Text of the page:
My name is Bob Whitten. I’m just a “regular Joe,” trying to get the most out of life with the time I have left here on this Earth. I am recently retired from years of running newspaper printing presses, and let me tell you, it hasn’t been easy switching gears for me. After almost 30 years of deadlines, schedules, and “hot” jobs, waking up those first few months with no sense of urgency was unsettling for me. Nevertheless, times are ever changing and we must change too, or we will be led slowly into the dark and left behind.
Don’t get me wrong, I love the ways of old. Look around my yard. My truck is almost twenty years old, my boat was made in 1973, and our “good” car is 13 years old. They just don’t make those things like they did back then. If they do, I cannot afford them.
I still do my own maintenance on our vehicles, all except my wife’s car. Funny, for many years I was in charge of a $300,000 annual budget, I directed a crew of over 40 people, and I was maintenance supervisor for a whole fleet of vans, but in her eyes, I am not competent enough to change the oil in her car. When I question her on her confidence in me, I get the same old argument in which she recalls past projects, track records, attention span, and a myriad of other reasons not to entrust me with her car, some of which I still have not fully ingested without redirecting my thoughts to another subject unrelated to anything she is talking about.
Getting back to my original thought, the ideals and values that my parents and grandparents instilled in me and my siblings are very important to me, and they are neither contemporary nor techno-savvy. They are, however, time honored and true still to the present. These learned morals are something old that I have and will continue teaching my kids and grandkids for as long as I can, and I will go kicking and screaming, holding onto those “old ways.” I am not alone here.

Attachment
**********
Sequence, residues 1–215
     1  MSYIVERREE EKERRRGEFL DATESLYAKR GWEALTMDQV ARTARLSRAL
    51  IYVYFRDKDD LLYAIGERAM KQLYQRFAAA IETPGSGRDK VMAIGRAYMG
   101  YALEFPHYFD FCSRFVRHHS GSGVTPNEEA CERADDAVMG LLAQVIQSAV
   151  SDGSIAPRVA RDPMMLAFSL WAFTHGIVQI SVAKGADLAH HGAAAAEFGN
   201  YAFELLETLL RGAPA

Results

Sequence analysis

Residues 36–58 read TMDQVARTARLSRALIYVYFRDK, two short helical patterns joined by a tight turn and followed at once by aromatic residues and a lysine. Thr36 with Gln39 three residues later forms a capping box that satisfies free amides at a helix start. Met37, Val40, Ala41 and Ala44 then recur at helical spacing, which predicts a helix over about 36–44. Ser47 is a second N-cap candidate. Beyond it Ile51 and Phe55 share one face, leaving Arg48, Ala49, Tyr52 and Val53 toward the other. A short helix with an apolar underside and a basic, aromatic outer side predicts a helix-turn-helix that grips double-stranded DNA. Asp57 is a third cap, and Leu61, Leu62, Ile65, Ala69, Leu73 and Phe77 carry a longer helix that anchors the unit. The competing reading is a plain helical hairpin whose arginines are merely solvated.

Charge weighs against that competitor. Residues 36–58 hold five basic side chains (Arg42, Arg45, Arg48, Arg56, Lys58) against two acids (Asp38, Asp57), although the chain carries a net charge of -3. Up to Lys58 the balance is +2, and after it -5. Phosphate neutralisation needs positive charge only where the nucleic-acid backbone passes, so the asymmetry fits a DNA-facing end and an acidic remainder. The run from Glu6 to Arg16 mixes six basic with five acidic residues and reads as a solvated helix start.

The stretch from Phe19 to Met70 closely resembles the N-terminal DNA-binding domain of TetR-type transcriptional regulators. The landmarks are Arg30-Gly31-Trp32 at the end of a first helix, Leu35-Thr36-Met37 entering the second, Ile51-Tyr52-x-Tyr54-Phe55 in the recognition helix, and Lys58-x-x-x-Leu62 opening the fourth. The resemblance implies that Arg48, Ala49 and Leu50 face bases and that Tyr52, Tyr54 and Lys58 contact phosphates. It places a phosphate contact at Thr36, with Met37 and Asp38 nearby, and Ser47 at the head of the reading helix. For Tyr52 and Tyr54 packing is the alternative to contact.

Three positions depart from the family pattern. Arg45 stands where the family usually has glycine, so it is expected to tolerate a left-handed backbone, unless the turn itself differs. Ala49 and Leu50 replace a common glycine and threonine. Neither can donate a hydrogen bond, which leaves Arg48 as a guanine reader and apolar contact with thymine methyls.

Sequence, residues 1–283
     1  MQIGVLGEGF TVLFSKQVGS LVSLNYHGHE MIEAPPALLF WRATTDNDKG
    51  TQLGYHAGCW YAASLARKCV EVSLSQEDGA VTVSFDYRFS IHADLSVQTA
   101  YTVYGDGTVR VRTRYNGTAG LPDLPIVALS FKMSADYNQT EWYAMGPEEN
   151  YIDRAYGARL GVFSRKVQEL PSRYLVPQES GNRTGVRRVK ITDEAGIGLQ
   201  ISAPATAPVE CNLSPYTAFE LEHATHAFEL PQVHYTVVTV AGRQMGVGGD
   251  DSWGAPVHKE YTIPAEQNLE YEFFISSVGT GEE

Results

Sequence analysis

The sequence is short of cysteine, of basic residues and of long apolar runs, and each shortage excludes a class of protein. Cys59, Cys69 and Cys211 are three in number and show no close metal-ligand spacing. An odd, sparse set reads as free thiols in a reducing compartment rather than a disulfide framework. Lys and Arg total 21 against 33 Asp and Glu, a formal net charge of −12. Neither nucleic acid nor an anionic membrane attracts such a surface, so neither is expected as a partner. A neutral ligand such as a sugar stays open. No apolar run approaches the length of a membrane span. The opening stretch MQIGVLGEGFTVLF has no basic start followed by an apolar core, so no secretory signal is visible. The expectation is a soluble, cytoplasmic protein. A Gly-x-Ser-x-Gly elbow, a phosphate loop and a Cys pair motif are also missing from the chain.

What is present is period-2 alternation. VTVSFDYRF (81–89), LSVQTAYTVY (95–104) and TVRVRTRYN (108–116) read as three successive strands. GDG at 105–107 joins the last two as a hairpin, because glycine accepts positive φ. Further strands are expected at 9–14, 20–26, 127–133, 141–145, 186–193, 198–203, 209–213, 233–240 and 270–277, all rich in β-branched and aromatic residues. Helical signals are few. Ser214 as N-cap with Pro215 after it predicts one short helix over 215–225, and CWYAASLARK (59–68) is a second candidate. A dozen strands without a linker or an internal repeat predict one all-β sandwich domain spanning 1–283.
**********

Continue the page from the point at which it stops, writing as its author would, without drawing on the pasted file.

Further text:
For those of us refusing to let go of the past, for the ones left behind by technology and computers, there is a light at the end of the tunnel. I have discovered a few things I like about technology.
First off, “Google” has changed my life. This computer information highway has anything you ever need to know about anything there ever was. All you have to do is ask. For instance, last year when I over-estimated my abilities as a granite installer, “Google” saved my life. And when I cut the hole in our roof 4 inches to the left of where my wife wanted her new skylight, I just typed in “I really messed up, how do I repair my roof?” and again, my new computer friend pulled me out of the fire. After a little more interaction with “Google,” I also realized my chainsaw was the wrong saw for this specific job.
One of the other things I love about technology in this new world is the way it can help me and my family become more self-sufficient. As the price of gasoline reaches $4 per gallon, we struggle as a family to save money everywhere we can. As our electric bill rises steadily above the budget, we find ways to capture energy from the sun, wind, and water.
Everything is just a few pecks on the keyboard away. When I wanted to collect rainwater, “The World Wide Web” helped me construct what we now refer to as our “outdoor water park.” In retrospect, I should have continued watching that video on “making rain barrels blend into the scenery.” I sent along a picture to help drive home the point. I call it a work of art. My wife has a few other comments, none of which can be repeated in this column without serious repercussions. Anyway, you be the judge after looking at the photo. Remember, it’s not just a rain collector. It also keeps the kids cool, gets them outside, and costs me nothing.
I will be back next Saturday, right here in “Off The Grid News”, with a list of top ten things NOT to do when remodeling. See you then!
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